Monday, March 21, 2011

Iceland's Geir H. Haarde

  Being green conscience is not only a duty of CEO's and employees, it is a duty of the government.  One of most active green government officials is Geir H. Haarde, the Prime Minister of Iceland.  Haarde was dubbed one of the top five world's most inspiring green leaders in 2008.  Using clean natural resources such as geothermal energy from volcanoes and the energy created from the waterfalls made by Iceland's glaciers, Haarde has been able to not only create the #1 green country in the world, but open up new industries to create jobs while steering away from harmful fossil fuels such as coal.
  According to an article about the methods Haarde incorporates to stay green, the country of Iceland imports no coal whatsoever, they have no need for it.  Haarde and the Iceland government have also offered up incentives to car manufacturers like Daimler, to use non-traditional energy sources in their vehicles.  Although Iceland is clearly in the forefront in the use of clean natural resources in energy, it's size and scope of influence are hardly enough to make a worldwide difference in using these resources.  Haarde needs to continue to be a leader that can be seen as being proactive in the green cause, someone who will enlighten others to take a stand against using harmful fossil fuels.
  In relation to the material that we have discussed in class, I wanted to incorporate how Haarde would fit in to the role of an authentic leader.  After viewing the three definitions that can describe an authentic leader, i believe that Haarde is an example of the developmental definition.  The Prime Minister is a self-aware, moral, and relationally developed person who is obviously looking at what this project can do to benefit the entire world and not just Iceland.  His sense of leadership has been highly developed over time, which can be seen by his status within the country of Iceland.  Using the power available to him, he is bettering all of his people by creating new jobs, revenue, technology, and providing a cleaner environment.
  Being an authentic leader, one could argue that Haarde is using the Robert Terry Authentic leadership approach.  The premise of this approach is that the leader, Haarde, is striving to do the right thing.  The framework to accomplish this action, can be seen as the incentives to car manufacturers, creating jobs in the geothermal energy and aquatic energy industries, and exporting expertise to developing countries.  By answering the question of what is wrong with our globe today, the use of harmful fossil fuels, Haarde has moved in to answer the second question of Terry's approach, "What are we going to do about it?" His answer to this as stated above was to utilize Iceland's geography and geology to better the country and eventually the world.
  I believe that this view on leadership is a valid example of an authentic leader.  However, there are other practical approaches to be used as examples and of course, Haarde is a perfect example of other types of leadership styles.  Does anyone have any ideas on what other kinds of leaders Haarde may represent.  Do you think my examples of him being an authentic leader are valid.  I would like to hear your feedback on this.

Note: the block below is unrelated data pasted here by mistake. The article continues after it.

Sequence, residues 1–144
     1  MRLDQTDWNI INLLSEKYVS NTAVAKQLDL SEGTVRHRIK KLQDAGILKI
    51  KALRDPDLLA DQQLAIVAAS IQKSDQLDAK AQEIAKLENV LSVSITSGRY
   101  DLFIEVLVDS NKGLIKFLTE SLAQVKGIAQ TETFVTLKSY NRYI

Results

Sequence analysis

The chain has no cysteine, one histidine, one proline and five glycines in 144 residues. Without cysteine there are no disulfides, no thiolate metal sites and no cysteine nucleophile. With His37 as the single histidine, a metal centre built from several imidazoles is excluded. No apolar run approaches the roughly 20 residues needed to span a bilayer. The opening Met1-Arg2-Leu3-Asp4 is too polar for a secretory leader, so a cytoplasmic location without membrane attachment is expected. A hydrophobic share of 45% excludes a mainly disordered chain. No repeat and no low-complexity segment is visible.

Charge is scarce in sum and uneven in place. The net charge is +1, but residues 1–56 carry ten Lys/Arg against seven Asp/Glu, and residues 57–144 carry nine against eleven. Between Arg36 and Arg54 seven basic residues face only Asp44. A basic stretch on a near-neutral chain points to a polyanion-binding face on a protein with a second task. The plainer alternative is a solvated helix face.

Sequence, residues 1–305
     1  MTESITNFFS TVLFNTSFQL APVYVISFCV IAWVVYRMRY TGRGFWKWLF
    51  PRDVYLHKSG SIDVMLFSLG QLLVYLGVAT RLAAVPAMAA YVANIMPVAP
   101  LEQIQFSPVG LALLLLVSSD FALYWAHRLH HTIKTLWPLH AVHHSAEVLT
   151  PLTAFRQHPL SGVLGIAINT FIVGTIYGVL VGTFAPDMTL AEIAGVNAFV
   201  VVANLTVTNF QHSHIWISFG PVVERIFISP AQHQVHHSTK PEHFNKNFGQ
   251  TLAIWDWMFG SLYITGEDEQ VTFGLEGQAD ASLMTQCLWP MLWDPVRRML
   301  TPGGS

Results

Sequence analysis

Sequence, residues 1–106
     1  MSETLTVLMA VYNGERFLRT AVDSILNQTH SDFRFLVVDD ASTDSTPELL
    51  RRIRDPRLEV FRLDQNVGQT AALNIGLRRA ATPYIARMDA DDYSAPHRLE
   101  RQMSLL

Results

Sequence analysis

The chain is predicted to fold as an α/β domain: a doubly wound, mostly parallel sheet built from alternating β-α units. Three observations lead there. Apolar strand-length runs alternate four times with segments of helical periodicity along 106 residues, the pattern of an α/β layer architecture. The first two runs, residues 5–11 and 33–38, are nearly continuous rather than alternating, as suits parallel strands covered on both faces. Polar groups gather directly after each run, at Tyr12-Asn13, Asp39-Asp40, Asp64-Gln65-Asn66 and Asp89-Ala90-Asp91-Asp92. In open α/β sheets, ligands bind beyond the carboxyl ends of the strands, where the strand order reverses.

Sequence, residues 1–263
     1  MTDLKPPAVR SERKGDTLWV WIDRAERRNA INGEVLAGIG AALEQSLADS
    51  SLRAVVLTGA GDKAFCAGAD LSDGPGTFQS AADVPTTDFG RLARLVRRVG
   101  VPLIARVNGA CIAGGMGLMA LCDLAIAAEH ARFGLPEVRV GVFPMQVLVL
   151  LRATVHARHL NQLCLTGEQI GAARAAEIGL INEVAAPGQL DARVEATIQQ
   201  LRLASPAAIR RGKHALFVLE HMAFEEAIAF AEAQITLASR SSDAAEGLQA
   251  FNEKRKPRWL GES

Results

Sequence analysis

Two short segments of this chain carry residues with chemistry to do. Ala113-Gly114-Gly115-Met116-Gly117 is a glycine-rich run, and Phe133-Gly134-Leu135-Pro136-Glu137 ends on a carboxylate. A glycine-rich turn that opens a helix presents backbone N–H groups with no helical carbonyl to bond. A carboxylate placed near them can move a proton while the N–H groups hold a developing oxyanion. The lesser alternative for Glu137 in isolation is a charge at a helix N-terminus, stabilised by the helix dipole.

Jonathon Byrd


  1. I really like this topic you chose because it can also go hand-in-hand with my teams blog The Good, The Bad and The Ugly. Sustainability can often fall down the ranks of importance especially when it comes to time sensitive issues. Automobile companies are currently racing to fulfill the demand for cars in growing nations such as China and India. Sadly, it appears the same old mistake of flooding the market with cars that run on fossilized fuels is going to go on longer until a practical, affordable alternative gains trend. We need more leaders like Haarde showing the right examples for present and future generations to follow. The Principle of Ethical Leadership that Haarde demonstrates the most is builds community. His concern for others and the way he searches for answers that are compatible with sustainability leads me to agree with Jonathon that Haarde is best described as an authentic leader.

    Nathan Beauchamp

  2. I agree with how you applied Robert Terry's approach to Haarde, however I find myself preferring to use Bill George's approach instead when it comes to the environment. I feel that with environmental issues almost anything you do is the "right thing." People instantly applaud any efforts helping the environment and I feel like that weakens the application of Terry's approach. With George's approach you're able to take a look at the bigger picture instead of just the "right" actions. One always has to wonder what factors played into the actions when it comes to higher ranking politicians. There are so many factors that go into just one of the President's decision that it makes you wonder if the action is truly "right" or just being influenced by other factors (lobbyists, political party agenda, public opinion, etc.). Again I feel that you applied Terry's approach in a great way but I think that our society's view on the environment and the nature of politics ends up weakening this approach and that George's approach may be more useful.

    Daniel Salsinger